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Problem Solving Tools

Problem Solving Tools

Do you know of any good problem solving tools? Well, I didn’t. My approach seemed to consist mostly of dumb luck.

That works most of the time, but feels inadequate for someone looking to improve their ability to make good decisions.

So I did what any person preferring reading to reality TV does and purchased a lot of books on problem solving. I convinced myself that an investment of a little time to find some problem solving tools, which marginally improved my ability to effectively solve problems would pay off handsomely over a long lifetime.

The book with the most problem solving tools is one that I didn’t think I’d enjoy at all: Problem Solving 101 by Ken Wantanabe.

This book offered a simple way to deal with problems that I can still recall today: (1) understand the current situation; (2) identify the root cause of the problem; (3) develop an effective action plan; and (4) execute until the problem is solved. While simple—and remarkably effective—the process is not easy to execute.

If you’ve ever found yourself in the middle of a problem solving meeting you know that our bias towards action causes us to want to skip steps 1 and 2. We’re prone to action. We want to shoot first and ask questions later.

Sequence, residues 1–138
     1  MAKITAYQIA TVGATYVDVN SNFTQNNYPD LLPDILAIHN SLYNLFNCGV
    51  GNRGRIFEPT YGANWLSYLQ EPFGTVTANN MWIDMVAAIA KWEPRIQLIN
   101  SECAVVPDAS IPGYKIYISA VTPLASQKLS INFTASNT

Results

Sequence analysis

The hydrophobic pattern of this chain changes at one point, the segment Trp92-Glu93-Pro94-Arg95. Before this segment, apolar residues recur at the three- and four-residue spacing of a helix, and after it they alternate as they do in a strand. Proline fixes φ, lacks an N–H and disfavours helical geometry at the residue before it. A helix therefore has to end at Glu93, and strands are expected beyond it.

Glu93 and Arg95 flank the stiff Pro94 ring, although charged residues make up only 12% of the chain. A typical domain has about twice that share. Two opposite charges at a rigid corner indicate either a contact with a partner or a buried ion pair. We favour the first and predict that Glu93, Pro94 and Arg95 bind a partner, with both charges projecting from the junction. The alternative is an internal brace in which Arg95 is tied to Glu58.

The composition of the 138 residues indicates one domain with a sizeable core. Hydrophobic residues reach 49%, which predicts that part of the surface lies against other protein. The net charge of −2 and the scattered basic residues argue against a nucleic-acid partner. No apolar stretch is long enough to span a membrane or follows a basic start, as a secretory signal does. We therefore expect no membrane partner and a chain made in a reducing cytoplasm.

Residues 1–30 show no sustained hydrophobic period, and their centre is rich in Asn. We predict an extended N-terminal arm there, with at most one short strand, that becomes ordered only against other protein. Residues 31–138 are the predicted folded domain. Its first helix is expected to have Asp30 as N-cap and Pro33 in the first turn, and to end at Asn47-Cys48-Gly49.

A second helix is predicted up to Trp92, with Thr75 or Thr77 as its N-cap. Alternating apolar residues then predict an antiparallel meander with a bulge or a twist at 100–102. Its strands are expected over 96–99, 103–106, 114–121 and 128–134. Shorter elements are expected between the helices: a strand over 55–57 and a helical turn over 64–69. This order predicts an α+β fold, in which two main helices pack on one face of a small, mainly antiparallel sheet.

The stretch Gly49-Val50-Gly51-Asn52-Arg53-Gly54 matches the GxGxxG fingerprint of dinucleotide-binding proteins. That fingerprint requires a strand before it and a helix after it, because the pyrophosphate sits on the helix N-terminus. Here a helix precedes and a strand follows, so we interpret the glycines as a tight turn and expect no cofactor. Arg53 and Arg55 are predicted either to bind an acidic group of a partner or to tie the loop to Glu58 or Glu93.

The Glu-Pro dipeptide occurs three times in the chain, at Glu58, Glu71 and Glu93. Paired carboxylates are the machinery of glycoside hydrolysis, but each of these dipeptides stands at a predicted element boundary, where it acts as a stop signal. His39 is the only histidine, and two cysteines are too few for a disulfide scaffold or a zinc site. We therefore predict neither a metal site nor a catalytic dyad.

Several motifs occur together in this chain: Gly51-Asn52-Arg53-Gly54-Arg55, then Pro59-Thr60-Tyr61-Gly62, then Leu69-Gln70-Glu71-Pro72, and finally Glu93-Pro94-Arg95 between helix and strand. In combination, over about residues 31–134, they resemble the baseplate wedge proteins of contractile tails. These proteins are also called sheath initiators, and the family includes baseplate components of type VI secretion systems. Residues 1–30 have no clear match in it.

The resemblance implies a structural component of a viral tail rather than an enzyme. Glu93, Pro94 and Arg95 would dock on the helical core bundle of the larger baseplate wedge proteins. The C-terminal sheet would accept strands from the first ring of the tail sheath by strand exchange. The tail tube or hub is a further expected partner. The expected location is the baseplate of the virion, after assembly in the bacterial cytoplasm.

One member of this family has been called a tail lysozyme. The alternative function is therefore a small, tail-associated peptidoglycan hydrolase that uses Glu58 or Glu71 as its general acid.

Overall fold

This bias makes the simple four step approach above almost painful. If we think we understand the problem our minds naturally see steps 1 and 2 as a waste. The next time you find yourself in an unfortuante problem solving meeting ask yourself a few questions – are we addressing a problem or a symptom. If you’re addressing a problem, does everyone in the room agree on the problem? How will we know we’ve solved the problem?

Think about how doctors diagnose patients.

When you visit a Dr. they first ask you questions about your symptoms and then take your temperature. They might run a blood test or two. Maybe order an X-Ray. They collect information that can be used to identify the root cause of your illness. After they’ve determined, and hopefully confirmed, a diagnosis they decide what to prescribe. While the process isn’t the most efficient, it leads to good outcomes more often than not.

If you want to learn to solve problems better, you should buy problem solving 101. If you’re really motivated, cut your cable subscription and read judgment and managerial decision making too. Exercising your brain is time well spent.

Still Curious? Check out these books on decision making.